Comparable to La Sportiva Cirque Pros and a little more advanced than the Exum Ridge, these approach shoes from Evolv are priced at around $90, but you can usually find them cheaper. They were designed for multi-use applications in the approach from hiking, to scrambling, to climbing. They are powered with TRAX high-friction rubber soles and a full rubber toe rand for easy edging on the climb.
Please add comments you have about the shoe or personal reviews. This is just one man's opinion.
The ReviewI got these shoes last July in preparation for a climb of the Grand Teton. I needed a shoe that was lightweight (~16oz each), fit my wide feet and toes, and handle the elevation up and down without smashing my toes or heels. After a few tryouts, I finally settled on the Stryker. The wide toe rand gave me some room up there, which may bother some but can easily be fixed with getting 1/2 size down.
The insole that came with the shoes were quite comfortable, no need to get a more heavy duty set. On the 4000+ft approach to the Grand on well-established trails, the Stryker performed well. I uncinched the laces a bit for the hike in, giving a little freedom for movement but not giving any blisters. Once we hit the boulder fields, I cinched them down and the shoes gave great protection against stubbing as well as excellent grippage with the TRAX rubber. The Strykers are also just stiff enough to give support, but also flexible enough to feel like a trail runner.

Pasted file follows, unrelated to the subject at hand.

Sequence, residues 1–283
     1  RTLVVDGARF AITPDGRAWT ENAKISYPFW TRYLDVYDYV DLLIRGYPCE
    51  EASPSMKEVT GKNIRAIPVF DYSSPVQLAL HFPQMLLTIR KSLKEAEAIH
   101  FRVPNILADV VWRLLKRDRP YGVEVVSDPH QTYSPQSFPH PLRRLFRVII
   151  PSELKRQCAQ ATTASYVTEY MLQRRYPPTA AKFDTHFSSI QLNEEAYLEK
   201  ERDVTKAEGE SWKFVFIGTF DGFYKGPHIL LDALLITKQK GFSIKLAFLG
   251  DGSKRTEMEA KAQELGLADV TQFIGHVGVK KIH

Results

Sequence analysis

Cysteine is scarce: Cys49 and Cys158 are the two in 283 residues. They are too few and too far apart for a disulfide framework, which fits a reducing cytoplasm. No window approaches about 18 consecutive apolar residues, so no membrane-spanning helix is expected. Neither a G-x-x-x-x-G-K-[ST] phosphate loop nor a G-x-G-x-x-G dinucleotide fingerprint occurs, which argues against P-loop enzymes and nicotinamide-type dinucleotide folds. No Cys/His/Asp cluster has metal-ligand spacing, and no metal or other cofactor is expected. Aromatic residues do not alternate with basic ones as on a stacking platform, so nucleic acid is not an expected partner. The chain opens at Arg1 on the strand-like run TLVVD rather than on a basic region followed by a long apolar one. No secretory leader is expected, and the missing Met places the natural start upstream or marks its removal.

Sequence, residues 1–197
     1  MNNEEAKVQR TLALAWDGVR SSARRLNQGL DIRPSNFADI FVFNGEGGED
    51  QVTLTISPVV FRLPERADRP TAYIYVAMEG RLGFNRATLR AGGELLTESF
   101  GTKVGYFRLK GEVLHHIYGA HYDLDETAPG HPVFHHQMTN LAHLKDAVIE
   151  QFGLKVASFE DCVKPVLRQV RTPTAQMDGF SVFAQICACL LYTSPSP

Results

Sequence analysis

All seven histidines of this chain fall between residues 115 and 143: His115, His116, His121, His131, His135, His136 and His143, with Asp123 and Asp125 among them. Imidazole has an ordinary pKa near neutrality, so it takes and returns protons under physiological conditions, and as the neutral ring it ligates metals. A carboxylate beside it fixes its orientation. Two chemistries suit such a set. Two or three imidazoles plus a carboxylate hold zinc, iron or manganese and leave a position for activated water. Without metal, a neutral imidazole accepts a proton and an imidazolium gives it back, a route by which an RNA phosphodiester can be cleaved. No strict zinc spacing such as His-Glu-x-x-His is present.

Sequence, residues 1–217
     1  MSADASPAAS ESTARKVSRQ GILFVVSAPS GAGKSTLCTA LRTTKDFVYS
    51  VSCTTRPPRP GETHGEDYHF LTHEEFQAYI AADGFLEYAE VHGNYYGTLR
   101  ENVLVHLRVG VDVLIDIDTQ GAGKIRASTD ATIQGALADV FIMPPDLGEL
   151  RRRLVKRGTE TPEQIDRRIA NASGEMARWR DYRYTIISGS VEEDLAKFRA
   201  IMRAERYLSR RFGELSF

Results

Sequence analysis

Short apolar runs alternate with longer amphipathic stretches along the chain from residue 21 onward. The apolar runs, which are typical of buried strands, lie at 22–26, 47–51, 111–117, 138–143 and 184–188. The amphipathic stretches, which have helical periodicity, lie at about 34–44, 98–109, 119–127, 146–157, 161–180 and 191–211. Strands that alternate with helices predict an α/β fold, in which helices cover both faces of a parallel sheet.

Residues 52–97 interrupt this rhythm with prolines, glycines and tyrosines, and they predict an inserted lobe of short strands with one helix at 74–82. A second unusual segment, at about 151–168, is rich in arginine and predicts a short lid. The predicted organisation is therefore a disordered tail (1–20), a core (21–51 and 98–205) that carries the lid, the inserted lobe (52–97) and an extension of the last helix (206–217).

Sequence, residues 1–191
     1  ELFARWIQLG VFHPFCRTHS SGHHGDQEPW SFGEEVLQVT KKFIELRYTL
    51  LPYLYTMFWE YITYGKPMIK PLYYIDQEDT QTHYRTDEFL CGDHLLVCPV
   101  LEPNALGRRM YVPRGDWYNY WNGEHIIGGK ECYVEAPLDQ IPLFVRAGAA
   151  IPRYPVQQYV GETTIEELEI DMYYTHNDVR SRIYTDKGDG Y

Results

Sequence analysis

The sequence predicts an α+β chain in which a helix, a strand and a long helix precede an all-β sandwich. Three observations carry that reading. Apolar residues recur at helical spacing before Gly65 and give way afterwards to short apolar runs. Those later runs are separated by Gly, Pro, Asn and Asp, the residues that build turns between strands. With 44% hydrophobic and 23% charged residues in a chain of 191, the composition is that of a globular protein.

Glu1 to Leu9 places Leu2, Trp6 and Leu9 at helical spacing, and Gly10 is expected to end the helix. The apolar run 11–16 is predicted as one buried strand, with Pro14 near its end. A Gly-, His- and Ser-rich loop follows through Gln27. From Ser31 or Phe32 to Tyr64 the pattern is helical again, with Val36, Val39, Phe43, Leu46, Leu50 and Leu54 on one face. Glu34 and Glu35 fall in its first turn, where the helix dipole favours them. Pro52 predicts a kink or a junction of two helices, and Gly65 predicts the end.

The final approach to the start of the technical climbing on the Grand via the Upper Exum was cold, windy and uncomfortable. My feet, however, were doing fine, well insulated with one pair of wool socks with liners. My feet were not too hot or cold during any part of the trip. A we roped up for the final step around into the sun, I kept the shoes on, opting for comfort rather than my normal climbing shoes. With the smooth rubber under the toe rand, edging around the exposed arete was no problem. They did so well, in fact that I kept them on all the way until the crux pitch, which we made a 5.7. They probably could have made it, but it was a pretty thin crack.
All in all, the shoe has treated me well since then, taking numerous hikes in Yellowstone after the Grand, and I noticed no wear or separation on the toe or leather. Recently on a trip to Weavers Needle, AZ (5.5), I took these shoes on the 4 mile approach and up to the summit. The shoes stood up well through cacti and scree, and with a cinched down toe, these shoes can can really peform as all you need for a low fifth class multipitch climb.